During a press briefing Thursday, the social network stressed its efforts to serve its users and advertisers in emerging markets and with poor performing Internet connections, such as 2G.
Emerging markets product lead Kelly MacLean said during the press briefing that emerging markets make up 85 percent of the world’s population, with 90 percent of those people under the age of 30, adding that marketers turn connectivity challenges into real-time marketing opportunities and pointing out that users in emerging markets “really love connecting with businesses” and view ads favorably, including the data below from eMarketer to enforce her point.
Facebook executives discussed the explosion of video content—both ads and videos posted by pages and users—and the increasing percentage of users accessing the social network via mobile, pointing out the difficulties for both brands and users in emerging markets when it comes to both creating/producing and viewing video via slower connections.
Chief product officer Chris Cox spoke of “breaking down barriers for the next group of people to use Facebook,” adding that “the people we’re building this for look less and less like us,” and stressing the “completely different level of discipline and commitment” required to serve those users.
“The next billion” was a common theme throughout the press briefing, and Cox said one-third of those next billion would come from India, mostly via 2G connections.
Illustrating the importance of connection speed, Cox said:
You’d much rather have a 10-year-old phone on a good connection than a brand-new phone on a bad connection.
Engineering director Tom Alison spoke about Facebook’s efforts to serve emerging markets, discussing the creation of the emerging markets engineering team within the past year, with its focus on “delivering a great product experience on Facebook to people in emerging markets, particularly 2G.:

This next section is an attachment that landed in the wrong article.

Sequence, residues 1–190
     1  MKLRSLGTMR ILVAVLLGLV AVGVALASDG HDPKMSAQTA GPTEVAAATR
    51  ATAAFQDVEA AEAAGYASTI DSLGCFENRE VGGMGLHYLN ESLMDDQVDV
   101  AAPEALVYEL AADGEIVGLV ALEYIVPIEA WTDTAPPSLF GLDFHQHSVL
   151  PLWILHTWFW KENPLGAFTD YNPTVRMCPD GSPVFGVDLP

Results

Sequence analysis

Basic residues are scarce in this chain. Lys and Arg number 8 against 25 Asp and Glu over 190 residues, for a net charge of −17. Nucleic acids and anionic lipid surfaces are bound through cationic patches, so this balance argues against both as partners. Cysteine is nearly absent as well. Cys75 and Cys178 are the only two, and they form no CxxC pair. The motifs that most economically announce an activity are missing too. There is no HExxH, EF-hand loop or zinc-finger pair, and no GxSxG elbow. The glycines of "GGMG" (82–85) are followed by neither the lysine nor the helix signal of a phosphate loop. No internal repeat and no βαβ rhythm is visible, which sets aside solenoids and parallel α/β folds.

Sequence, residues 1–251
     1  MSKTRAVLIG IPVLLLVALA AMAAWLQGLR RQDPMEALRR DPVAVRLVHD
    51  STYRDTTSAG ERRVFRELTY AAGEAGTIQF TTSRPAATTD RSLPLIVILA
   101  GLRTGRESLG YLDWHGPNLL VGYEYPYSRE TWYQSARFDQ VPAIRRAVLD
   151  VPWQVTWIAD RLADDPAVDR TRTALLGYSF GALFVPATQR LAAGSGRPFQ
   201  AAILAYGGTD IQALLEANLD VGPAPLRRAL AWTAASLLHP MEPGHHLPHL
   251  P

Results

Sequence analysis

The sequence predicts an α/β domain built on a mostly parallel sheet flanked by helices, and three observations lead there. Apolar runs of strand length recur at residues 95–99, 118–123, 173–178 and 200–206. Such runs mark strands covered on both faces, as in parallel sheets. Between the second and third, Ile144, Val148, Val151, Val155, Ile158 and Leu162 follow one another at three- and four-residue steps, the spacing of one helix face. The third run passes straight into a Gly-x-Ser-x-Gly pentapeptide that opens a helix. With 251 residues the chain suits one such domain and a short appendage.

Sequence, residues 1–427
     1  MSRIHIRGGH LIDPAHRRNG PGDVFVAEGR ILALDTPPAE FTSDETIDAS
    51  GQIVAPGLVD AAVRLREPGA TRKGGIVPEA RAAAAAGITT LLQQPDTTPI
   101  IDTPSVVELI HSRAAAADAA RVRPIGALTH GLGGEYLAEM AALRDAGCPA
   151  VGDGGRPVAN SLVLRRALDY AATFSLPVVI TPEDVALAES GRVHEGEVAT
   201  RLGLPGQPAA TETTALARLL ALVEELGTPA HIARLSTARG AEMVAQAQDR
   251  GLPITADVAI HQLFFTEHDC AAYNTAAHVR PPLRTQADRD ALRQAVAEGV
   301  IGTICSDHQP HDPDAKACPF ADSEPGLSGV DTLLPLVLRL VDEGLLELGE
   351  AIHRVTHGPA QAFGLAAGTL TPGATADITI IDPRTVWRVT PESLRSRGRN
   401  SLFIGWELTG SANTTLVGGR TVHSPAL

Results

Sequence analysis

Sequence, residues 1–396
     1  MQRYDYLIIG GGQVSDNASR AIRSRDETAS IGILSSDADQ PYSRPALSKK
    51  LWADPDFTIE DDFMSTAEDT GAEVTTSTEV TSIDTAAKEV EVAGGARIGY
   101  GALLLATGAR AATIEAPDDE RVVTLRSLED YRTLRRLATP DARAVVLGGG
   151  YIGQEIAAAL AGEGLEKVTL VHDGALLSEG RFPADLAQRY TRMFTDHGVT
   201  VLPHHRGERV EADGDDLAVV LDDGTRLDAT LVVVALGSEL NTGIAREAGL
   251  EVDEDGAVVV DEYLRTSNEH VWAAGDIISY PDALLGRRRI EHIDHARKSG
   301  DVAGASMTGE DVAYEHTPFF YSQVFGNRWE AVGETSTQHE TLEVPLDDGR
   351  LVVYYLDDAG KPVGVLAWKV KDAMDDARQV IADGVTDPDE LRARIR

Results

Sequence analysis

Alison mentioned network connection class, which enables Facebook to understand the quality of networks being used to access the social network, as well as how the social network tweaks News Feed for those slower connections, with steps such as loading content incrementally, loading stories “below the fold” ahead of time, prioritizing the story that is currently being viewed, loading lower-quality images quickly and eventually replacing them with high-resolution images and, in cases where connection is lost, fetching stories that were previously loaded but not viewed by users.
Alison also mentioned Facebook’s 2G Tuesdays initiative, whereby employees at the social network are given the option to experience Facebook via a connection that simulates 2G speed for one hour every Tuesday.
slideshow—which was launched Thursday globally, not just in emerging markets, via Facebook’s ads create tool–enables advertisers on the social network to, as the feature’s name suggests, stitch images into a slideshow, easily creating ads that draw attention the way video ads do, but lessening the stress on them, as well as on the mobile connections of users with slower access.
The social network added in a Facebook for Business post that slideshow will be rolled out to Power Editor and Ads Manager “over the coming weeks,” adding that slideshow ads are made up of three to seven still images from any source, including stock imagery from Facebook’s library.
Product manager, emerging markets Nikila Srinivasan said during the press briefing that slideshow ads can run from five to 15 seconds, and the social network pointed out that the file size for a 15-second slideshow can be up to five times smaller than that of a 15-second video.
She called slideshow a “lightweight, responsive ad format that reaches users across all devices and connectivity, as well as a creative tool for brands looking to create videos,” and she said Facebook has been testing the product with “several close partners.”